Apple may be getting ready to overhaul its .Mac service--or at least change the name.
A Russian site called Deep Apple noted that code within the Mac OS X Leopard 10.5.3 software update contains placeholders for the .Mac name that would allow Apple to drop in a new name at a later date. Dmitry Chestnykh of Coding Robots also noticed similar code within Mail and Safari applications.
Apple's .Mac service is designed to help Mac users extend the capabilities of their iLife software to the Internet by publishing Web pages, sharing photos, and storing data, among other things. But it's not exactly the company's most popular service, and looks expensive and out-of-date next to competing services from companies that make their living on the Internet.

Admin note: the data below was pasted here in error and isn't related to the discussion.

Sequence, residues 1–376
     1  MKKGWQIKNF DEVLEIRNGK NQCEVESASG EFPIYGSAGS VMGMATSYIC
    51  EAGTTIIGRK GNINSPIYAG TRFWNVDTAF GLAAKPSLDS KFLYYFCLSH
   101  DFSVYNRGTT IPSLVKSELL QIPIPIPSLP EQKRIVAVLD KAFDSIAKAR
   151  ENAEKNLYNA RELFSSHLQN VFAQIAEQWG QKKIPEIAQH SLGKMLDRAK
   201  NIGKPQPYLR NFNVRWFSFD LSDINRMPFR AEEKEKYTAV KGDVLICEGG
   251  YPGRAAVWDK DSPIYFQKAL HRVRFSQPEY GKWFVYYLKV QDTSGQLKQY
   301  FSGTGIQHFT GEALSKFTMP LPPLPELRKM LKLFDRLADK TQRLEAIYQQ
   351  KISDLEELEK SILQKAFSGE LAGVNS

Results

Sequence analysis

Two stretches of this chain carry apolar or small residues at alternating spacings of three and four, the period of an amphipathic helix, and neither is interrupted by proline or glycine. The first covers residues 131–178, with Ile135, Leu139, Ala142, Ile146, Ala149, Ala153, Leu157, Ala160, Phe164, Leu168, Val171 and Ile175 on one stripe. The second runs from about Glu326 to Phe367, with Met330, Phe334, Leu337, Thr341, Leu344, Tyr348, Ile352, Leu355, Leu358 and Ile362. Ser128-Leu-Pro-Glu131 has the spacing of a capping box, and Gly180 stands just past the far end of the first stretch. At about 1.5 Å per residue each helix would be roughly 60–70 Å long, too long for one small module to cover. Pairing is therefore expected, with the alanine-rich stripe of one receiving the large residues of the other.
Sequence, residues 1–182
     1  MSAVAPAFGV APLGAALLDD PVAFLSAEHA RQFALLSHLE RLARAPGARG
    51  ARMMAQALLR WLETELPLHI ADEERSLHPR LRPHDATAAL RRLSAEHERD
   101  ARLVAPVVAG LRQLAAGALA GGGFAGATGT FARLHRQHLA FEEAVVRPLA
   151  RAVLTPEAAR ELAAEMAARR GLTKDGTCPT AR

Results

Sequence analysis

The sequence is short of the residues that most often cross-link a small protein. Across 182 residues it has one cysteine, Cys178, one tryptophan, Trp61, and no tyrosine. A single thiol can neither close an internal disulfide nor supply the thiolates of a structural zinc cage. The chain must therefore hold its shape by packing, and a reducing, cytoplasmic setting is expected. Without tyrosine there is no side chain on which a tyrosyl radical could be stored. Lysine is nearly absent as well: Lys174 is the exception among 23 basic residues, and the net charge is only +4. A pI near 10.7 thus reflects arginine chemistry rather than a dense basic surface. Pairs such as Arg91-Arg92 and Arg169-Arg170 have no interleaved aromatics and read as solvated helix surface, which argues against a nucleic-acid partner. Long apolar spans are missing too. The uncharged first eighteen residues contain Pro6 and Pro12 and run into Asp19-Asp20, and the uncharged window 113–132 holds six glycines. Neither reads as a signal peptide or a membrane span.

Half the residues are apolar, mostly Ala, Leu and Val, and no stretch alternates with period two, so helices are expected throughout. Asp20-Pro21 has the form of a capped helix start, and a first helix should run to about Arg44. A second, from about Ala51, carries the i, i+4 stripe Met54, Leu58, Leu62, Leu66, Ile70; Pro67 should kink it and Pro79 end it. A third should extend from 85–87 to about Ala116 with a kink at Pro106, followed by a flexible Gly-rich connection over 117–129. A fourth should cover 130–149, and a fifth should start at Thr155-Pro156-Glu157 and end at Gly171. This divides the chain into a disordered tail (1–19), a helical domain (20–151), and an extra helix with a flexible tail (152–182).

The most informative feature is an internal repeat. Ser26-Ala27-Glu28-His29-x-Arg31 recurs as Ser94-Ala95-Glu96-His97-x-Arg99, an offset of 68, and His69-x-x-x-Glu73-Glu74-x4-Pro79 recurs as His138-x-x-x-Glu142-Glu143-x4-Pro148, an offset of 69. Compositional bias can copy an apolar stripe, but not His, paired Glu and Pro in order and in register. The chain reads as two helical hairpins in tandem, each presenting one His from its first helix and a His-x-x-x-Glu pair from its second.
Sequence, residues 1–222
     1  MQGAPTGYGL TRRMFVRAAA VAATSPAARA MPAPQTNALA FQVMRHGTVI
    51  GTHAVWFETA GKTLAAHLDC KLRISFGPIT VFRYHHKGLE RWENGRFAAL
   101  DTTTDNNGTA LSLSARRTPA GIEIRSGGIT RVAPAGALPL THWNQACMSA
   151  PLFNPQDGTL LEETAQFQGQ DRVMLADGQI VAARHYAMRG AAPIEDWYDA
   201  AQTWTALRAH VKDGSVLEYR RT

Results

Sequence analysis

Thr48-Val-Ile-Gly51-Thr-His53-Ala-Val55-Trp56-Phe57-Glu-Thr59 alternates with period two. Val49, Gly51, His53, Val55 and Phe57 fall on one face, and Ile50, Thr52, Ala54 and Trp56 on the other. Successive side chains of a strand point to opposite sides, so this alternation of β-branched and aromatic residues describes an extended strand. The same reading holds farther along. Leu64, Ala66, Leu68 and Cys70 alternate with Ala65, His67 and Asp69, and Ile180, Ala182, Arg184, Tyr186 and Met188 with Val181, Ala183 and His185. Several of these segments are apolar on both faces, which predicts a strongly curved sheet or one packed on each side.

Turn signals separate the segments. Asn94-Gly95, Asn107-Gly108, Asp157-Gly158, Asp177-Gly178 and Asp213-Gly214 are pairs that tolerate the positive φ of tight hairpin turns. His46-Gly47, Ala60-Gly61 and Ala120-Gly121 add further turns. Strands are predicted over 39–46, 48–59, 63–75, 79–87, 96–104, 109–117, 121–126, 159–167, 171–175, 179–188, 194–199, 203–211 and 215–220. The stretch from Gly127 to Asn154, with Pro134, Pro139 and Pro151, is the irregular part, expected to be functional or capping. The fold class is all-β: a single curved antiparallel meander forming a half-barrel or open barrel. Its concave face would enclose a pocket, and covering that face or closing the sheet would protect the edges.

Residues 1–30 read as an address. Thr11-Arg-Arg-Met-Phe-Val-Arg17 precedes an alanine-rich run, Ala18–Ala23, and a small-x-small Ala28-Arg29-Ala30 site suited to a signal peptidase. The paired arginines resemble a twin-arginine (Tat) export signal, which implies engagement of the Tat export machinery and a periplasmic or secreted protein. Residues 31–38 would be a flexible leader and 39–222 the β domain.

The iPhone might be giving Apple a reason to think different about .Mac. If Apple were to revamp the .Mac service and turn it into something that ties Macs and iPhones together--and cut the price--they might be able to marshal an army of online Mac users and add a nice little chunk of revenue to the income statement.
But as John Gruber of Daring Fireball notes, a service called ".Mac" that is morphing into something more iPhone-centric might need a different name. Long ago, in a distant era (January 2006) Apple trademarked a name called "Mobile Me" that seems to fit the bill, according to Gruber.
The pending code changes could also mean, however, that Apple wants to tie iPhones and Macs into other Internet services, perhaps having decided that others could do a better job providing these types of services.
UPDATE 10:15am - Chestnykh found references to "Mobile Me" in the latest version of the iPhone SDK.